angry teamsters. A riot call sent to the
stations was responded to by several wa
gons of patrolmen, and after a fierce con
flict with the obstructing crowd the wa
gons wtys rescued and the drivers,
bruised by missiles, were able to reach
a place of safety.
SWITCHMEN IViaY STOP WORK.
Threatened Tie-Up of All Traffic at La
Special to The Globe.
LA CROSSE, Wis., July 14.—1t is said
an agreement has been reached by all
the Chicago, Milwaukee & St. Paul
switchmen here ta strike tomorrow in
sympathy with the striking truckmen.
If correct, it will completely iJ~ Tip local
shipping and traffic.
lowa Central Strike Is Off.
MARSHALLTOWN, lowa. July 14.—The
lowa Central shopmen who struck two
weeks ago, resumed work today, having
effected an amicable settlement at a con
ference with General Superintendent
Sweeney and Master Mechanic Brooke.
The railway makes a concession of 29% c
to first-class machinists.
The men demanded 30c and were offer
ed 29c before the strike. Helpers were
increased from 1% cents to 2 cents. Sev
eral points, including the nine-hour day,
were waived by the strikers' committee.
Miners Get 10 Per Cent Advance.
SHAMOKIN. Pa., July 14.—The Phila
delphia & Reading Coal and Iron com
pany today announced that a 10 per cent
increase in wages would be paid in this
region to employes who had remained at
work since the strike started. The strik
ers say this increase is intended as a bait
to lure them back to work.
BODY REACHES ENGLAND
Full Naval Honors Paid to the Re
mains at Southampton.
SOUTHAMPTON, England, July 14.
—The United States armored cruiser
Brooklyn, from Annapolis, July 1, hav
ing on board the remains of Lord
Pauncefote, late ambassador of Great
Britain at Washington, arrived here
this morning. Full naval honors were
paid to the remains. The widow fol
lowed the coffin from the warship to
the train, which started for Newark-
Upon-Trent, where the funeral will
take place tomorrow.
The ceremony of the transfer of the
remains was impressive. One hundred
and twenty-four bluejackets composed
the bearer party. The coffin was taken
between lines of seamen with arms re
versed to a specially draped railway
carriage. During the removal of the
body the American and British bands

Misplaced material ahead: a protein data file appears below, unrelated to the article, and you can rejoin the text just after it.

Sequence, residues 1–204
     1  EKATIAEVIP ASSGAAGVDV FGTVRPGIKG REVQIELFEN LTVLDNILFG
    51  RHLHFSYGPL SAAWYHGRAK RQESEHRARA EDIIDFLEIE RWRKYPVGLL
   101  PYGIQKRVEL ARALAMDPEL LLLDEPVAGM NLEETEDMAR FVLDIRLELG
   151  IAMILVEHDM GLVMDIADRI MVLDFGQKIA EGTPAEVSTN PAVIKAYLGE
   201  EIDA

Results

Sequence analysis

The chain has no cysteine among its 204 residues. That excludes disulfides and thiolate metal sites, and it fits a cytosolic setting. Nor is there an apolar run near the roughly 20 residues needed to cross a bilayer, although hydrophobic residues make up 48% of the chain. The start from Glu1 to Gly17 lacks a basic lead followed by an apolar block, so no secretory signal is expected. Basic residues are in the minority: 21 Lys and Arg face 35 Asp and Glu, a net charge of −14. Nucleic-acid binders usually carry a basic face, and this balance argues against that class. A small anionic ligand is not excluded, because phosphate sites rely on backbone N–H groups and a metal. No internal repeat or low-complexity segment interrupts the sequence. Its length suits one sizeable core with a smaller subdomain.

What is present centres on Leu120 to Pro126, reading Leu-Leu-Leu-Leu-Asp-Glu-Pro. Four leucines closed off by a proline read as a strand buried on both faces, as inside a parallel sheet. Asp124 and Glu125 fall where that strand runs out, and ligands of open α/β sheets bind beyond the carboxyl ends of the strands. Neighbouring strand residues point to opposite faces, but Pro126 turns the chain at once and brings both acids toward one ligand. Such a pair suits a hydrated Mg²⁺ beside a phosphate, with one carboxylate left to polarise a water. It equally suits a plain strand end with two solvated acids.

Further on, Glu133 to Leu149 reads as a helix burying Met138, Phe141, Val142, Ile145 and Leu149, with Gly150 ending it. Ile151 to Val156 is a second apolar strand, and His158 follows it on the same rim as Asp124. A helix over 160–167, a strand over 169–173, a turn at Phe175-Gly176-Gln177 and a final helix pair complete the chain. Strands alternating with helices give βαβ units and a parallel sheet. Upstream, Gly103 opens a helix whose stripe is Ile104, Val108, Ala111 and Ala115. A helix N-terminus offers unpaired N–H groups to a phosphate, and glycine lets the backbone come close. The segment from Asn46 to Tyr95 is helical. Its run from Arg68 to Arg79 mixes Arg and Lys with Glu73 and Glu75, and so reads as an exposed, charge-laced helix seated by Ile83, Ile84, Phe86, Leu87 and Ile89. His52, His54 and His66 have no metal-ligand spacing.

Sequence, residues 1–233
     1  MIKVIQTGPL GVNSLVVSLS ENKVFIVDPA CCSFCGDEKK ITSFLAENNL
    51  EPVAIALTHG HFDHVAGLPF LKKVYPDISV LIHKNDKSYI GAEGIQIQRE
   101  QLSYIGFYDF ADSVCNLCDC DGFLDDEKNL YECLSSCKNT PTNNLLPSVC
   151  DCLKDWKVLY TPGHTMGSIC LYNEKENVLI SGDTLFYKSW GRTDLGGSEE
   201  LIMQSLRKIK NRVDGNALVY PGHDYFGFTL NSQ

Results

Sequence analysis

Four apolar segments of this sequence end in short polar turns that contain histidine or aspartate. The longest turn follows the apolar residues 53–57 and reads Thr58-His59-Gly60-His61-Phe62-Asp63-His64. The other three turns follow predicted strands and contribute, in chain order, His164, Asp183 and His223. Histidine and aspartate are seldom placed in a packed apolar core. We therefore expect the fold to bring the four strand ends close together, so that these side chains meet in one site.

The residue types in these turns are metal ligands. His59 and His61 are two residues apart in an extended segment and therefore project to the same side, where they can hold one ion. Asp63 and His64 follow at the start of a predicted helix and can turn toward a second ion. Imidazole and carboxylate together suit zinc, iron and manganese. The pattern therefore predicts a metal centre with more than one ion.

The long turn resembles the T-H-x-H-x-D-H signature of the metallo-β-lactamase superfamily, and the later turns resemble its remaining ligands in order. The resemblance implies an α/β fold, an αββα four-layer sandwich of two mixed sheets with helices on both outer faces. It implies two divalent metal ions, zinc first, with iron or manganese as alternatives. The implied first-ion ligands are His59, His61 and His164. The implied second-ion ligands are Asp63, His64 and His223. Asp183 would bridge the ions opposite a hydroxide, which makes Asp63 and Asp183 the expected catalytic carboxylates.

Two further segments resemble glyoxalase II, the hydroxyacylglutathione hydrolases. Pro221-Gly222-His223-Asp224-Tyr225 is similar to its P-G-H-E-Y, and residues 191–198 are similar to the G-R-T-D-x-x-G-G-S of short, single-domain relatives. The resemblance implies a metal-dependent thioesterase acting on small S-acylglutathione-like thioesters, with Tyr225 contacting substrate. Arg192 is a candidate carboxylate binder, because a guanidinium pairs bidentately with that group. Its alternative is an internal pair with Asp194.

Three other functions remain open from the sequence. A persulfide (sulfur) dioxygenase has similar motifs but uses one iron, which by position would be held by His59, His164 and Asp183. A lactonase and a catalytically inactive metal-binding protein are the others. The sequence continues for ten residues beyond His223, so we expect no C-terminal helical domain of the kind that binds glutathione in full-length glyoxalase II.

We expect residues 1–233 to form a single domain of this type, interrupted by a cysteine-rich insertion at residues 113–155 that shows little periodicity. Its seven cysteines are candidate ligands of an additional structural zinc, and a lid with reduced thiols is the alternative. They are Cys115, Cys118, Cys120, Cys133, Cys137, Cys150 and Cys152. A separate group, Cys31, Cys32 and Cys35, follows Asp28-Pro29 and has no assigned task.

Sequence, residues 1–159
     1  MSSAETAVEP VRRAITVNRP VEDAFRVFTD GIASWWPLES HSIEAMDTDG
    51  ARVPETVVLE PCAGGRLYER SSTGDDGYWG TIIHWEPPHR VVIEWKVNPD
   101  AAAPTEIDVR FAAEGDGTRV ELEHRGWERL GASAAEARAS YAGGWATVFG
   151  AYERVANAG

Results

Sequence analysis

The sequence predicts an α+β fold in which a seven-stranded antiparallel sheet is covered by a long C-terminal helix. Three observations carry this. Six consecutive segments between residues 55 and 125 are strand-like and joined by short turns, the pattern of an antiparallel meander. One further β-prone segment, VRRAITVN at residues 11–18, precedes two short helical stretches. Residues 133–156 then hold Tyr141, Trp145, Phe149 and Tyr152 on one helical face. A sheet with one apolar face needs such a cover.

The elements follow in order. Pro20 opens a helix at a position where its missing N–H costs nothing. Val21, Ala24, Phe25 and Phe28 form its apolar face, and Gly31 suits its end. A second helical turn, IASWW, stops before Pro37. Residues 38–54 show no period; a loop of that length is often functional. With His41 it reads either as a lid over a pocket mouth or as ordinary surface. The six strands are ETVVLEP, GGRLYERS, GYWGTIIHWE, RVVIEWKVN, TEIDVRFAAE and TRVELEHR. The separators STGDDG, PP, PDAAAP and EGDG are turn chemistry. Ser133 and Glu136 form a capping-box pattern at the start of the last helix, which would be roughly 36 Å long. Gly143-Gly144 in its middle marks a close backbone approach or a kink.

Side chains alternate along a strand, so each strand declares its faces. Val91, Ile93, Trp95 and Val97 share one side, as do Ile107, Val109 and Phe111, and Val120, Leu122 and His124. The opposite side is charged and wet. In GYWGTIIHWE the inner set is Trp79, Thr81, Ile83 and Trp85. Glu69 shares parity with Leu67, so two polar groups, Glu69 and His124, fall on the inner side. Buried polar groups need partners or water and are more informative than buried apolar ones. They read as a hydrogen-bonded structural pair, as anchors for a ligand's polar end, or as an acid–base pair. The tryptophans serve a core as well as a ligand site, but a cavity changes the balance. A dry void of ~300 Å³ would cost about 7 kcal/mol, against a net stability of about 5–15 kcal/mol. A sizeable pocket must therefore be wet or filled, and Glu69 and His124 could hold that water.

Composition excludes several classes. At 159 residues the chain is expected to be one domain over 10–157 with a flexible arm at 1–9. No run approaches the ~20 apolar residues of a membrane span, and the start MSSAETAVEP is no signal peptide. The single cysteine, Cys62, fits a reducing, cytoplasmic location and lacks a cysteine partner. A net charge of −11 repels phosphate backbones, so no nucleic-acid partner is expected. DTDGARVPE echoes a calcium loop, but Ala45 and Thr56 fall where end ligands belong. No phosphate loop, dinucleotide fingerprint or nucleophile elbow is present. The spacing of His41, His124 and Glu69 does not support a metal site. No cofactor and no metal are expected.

played Chopin's funeral march. Be
sides the widow and the family, Rear
Admiral Joseph B. Coghlan, the of
ficers of the Brooklyn, the United
States consul, John E. Hopley, a num
ber of British naval officers and the
mayor of Southampton, followed the
coffin to the train. Minute guns were
fired by the Brooklyn and British war
ships on the departure for the train.
CRAZED BY THE DEATH
OF HIS DAUGHTER
Ohio Farmer Kills His Wife and Family
and Seriously Injures His Son.
CINCINNATI, Ohio, July 14.—Near Ma
son, Ohio, twenty miles from here, James
Conover, a farmer, today killed his wife
and seriously injured his son Charles.
After beating his wife to death with an
ax he carefully shrouded her mangled
body for burial. Afterward he met his
son at the gate and told him what he
had done with his mother. Then, plung
ing forth with his ax, the crazed father
told Charles that he was to be killed
next. The blow brought Charles down
and the father escaped.
The son's condition is dangerous. Con
over was released from an asylum recent
ly. It is stated that he has been affected
mentally ever since his daughter died,
five years ago.
TO REPRESENT UNITED
STATES STEEL COMPANY
A. F. Harvey, Whose Office Will Be at
CLEVELAND, Ohio. July 14.— E. S.
Mills, the local representative of the Unit
ed States Steel corporation, has been ap
pointed an assistant to First Vice Presi
dent Sldent Sayley. with headquarters in
New York. A. F. Harvey succeeds Mr.
Mills, with office in Duluth.
Plethora of Candidates.
JOPLIN, Mo., July 14.—The Republican
state judicial convention to nominate
three judges of the supreme court will
meet here tomorrow. There are three
times as many candidates as there are
places to fill. The state committee met
tonight to arrange for the temporary or
ganization of the convention.
Windward Is Off.
NEW YORK, July 14.—The Peary re
lief ship Windward finished loading her
supplies late this afternoon and sailed
away. She will go direct to Sydney, C. 8.,
where she will take on coal and then head
for the Arctic region. Mrs. Peary and
her daughter will join the ship at Syd-
Flames at Nice.
NICE, France. July 15.—Les Grandes